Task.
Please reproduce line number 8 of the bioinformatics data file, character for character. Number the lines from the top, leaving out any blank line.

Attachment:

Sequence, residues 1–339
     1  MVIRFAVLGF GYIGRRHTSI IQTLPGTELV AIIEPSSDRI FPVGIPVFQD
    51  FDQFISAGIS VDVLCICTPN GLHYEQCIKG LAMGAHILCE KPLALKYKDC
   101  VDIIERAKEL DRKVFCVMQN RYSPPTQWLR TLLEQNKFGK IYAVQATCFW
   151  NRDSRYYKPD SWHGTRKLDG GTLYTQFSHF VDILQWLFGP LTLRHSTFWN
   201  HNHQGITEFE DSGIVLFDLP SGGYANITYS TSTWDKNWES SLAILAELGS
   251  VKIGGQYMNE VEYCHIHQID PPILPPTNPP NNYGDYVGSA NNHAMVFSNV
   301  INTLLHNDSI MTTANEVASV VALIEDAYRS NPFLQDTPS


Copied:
   301  INTLLHNDSI MTTANEVASV VALIEDAYRS NPFLQDTPS